Property work is also a key part of another area of development within the solicitors’ liability space: fraud that preys on vulnerabilities in electronic or communication processes. Loosely lumped together with other perils and referred to as ‘cyber’, claims flowing from these sorts of losses are growing in frequency and severity. We’re focused on assisting our insured firms to manage and prevent IT blind-spots and human error causes of data breaches and compromised financial transactions.

Some recent case law has caused understandable concern over duties owed towards other parties in a transaction. In Purrunsing v A’Court & Co 2016 the buyer’s and seller’s solicitors were held equally liable in breach of trust. Perhaps more surprising was the recent decision in Dreamvar (UK) v Mishcon de Reya 2016 where the Court held that the buyer’s solicitors, not the seller’s solicitors, were in breach of trust and responsible for loss, despite finding that they had acted honestly and reasonably. This reminds us all that law firms (and their insurers) have a wide exposure based on duty of care and discretion to relieve a solicitor from the duty under s.61 Trustee Act 1925 will not always be granted. Firms should be looking at their client due diligence and checks (even if they have acted for the client previously) as well as ensuring there is clarity around their scope of instruction and engagement letters.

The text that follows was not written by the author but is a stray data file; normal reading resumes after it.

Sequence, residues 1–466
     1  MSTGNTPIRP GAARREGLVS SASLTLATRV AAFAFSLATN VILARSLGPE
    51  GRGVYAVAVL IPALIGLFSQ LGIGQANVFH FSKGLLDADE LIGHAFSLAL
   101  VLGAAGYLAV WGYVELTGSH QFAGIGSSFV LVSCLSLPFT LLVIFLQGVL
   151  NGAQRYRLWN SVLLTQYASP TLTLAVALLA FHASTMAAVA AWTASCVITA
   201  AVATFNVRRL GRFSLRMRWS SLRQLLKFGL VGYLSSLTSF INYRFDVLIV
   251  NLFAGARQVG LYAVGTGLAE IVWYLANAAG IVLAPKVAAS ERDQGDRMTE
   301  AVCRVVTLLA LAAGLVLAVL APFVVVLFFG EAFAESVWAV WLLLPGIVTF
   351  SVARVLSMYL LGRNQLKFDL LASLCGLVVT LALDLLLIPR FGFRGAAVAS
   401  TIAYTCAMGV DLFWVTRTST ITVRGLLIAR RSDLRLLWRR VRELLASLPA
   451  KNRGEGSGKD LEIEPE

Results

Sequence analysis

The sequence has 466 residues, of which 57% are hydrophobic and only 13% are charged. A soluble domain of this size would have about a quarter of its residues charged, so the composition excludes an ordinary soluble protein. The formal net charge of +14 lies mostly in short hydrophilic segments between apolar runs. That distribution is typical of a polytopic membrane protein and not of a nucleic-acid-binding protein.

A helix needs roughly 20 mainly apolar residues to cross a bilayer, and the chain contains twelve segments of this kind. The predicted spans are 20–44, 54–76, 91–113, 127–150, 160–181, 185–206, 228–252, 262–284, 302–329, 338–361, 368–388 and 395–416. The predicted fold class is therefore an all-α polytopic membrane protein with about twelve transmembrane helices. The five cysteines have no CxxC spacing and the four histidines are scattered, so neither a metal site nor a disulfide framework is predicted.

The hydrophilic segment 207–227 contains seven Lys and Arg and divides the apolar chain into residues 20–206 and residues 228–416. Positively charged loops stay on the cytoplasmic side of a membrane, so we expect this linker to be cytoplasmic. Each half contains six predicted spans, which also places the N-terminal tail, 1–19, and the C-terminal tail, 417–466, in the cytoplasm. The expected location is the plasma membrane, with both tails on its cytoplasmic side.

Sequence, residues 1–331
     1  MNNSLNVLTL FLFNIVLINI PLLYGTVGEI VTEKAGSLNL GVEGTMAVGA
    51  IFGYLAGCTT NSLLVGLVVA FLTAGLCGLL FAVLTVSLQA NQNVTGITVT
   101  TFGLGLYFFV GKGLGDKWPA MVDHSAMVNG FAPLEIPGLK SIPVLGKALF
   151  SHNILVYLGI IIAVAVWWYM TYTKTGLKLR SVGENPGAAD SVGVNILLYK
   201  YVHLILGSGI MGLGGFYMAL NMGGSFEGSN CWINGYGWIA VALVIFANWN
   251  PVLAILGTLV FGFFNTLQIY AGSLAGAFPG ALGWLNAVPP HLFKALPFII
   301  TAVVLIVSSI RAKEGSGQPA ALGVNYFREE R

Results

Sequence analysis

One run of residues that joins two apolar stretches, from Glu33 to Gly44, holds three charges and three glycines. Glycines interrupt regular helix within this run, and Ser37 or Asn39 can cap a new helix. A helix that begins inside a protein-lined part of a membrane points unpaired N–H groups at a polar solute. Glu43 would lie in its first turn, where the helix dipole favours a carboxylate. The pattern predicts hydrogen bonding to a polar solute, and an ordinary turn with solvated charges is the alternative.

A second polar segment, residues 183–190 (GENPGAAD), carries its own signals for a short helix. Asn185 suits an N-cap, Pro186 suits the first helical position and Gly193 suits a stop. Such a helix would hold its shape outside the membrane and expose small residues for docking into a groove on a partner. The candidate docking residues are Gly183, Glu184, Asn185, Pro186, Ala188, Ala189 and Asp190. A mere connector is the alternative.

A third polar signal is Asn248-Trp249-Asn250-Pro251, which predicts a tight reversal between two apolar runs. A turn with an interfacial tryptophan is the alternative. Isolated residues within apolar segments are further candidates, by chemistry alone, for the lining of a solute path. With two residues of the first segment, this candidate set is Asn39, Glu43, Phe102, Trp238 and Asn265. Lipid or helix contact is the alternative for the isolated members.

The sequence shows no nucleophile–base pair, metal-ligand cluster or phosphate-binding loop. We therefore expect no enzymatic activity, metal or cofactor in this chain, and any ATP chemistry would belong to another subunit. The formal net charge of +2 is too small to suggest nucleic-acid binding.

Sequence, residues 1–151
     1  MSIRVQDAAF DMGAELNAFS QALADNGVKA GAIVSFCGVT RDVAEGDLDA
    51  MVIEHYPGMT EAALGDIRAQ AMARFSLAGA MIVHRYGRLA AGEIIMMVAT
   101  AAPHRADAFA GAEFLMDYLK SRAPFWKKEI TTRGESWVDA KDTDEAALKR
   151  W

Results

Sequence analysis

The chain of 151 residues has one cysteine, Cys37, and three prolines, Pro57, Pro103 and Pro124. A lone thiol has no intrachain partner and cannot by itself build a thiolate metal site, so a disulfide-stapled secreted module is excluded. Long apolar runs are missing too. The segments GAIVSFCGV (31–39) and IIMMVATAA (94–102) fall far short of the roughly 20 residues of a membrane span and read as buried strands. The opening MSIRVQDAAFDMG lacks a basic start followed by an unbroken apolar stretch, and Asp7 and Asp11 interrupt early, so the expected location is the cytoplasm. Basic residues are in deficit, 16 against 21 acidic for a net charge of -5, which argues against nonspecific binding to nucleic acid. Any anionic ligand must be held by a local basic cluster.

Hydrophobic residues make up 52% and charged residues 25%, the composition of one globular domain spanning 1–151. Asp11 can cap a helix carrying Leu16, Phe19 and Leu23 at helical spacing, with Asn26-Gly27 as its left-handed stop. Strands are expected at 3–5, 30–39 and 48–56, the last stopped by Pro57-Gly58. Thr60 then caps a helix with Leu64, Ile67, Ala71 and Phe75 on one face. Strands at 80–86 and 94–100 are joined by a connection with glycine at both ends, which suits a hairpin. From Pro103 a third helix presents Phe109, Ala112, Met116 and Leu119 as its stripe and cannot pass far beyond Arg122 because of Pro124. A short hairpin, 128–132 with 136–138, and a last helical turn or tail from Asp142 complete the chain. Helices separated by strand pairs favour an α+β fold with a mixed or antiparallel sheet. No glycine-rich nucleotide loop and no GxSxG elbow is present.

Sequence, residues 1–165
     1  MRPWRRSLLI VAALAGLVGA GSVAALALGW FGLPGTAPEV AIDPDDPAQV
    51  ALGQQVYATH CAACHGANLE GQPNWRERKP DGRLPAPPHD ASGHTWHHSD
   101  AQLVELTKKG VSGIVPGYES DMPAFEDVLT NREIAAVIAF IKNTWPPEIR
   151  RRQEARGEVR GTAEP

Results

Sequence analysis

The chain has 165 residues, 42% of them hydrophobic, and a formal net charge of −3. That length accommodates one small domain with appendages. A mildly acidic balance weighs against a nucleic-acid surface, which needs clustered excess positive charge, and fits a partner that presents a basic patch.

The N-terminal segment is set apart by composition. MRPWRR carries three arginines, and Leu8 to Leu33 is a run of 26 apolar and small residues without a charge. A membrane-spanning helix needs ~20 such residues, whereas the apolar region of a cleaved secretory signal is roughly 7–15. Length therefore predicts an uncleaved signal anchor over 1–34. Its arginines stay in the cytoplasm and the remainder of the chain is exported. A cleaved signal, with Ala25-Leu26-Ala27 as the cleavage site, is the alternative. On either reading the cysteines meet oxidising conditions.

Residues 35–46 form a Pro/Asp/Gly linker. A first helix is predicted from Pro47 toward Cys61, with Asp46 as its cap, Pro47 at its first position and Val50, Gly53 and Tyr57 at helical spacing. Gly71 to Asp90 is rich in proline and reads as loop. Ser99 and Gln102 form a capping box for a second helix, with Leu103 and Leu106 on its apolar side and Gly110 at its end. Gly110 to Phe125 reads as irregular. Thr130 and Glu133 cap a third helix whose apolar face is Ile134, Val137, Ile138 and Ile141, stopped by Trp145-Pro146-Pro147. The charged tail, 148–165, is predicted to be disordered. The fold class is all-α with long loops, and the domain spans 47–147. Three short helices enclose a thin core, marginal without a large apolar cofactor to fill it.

Personal injury work has seen a number of changes in recent years and the adjustment of the ‘Ogden’ discount rate is a huge challenge which may well increase the risk of lawyers missing opportunities for higher settlements. With some personal injury award entitlements increasing by as much as 200 per cent, solicitors should ensure they get the timing of their clients’ settlements right to avoid possible allegations of under settlement.

The post PII: trends and disruptors appeared first on The Lawyer | Legal News and Jobs | Advancing the business of law.